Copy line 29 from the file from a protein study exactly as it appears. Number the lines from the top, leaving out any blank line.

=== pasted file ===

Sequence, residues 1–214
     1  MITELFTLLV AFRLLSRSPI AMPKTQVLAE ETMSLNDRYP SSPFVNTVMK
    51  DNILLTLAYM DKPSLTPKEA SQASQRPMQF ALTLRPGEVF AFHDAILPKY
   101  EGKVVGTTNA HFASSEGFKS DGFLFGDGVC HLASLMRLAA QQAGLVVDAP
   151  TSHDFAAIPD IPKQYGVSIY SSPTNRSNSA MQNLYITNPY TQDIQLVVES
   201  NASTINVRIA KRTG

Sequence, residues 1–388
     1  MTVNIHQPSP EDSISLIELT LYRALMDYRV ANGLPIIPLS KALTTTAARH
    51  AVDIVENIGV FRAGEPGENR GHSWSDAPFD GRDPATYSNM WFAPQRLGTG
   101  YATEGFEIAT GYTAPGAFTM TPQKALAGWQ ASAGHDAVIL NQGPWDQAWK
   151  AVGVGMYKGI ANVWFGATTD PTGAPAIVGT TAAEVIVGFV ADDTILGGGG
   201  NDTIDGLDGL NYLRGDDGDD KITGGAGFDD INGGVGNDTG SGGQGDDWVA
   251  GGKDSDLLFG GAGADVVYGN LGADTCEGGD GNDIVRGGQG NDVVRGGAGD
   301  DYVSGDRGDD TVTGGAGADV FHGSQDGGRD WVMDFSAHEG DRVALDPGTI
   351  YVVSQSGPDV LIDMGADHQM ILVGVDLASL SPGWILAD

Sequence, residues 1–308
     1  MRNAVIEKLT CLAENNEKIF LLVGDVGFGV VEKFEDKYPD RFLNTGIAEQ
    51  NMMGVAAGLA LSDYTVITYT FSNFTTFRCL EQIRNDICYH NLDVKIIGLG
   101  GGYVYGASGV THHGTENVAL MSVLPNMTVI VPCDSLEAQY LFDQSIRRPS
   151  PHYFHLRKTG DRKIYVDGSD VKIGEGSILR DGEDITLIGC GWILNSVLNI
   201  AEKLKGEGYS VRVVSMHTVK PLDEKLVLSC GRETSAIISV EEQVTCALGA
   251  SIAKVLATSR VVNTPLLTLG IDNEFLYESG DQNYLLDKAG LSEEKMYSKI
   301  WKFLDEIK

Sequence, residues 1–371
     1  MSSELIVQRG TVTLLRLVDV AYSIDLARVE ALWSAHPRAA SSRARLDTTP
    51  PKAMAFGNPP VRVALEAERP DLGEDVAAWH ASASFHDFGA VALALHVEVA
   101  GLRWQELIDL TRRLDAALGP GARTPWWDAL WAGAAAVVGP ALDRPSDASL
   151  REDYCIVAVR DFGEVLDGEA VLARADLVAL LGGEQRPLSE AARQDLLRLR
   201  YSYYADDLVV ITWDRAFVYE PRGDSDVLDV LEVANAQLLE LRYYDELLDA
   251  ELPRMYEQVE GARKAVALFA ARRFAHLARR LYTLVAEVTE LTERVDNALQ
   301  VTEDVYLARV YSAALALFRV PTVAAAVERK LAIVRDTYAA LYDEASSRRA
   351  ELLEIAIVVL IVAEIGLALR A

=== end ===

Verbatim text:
   201  YSYYADDLVV ITWDRAFVYE PRGDSDVLDV LEVANAQLLE LRYYDELLDA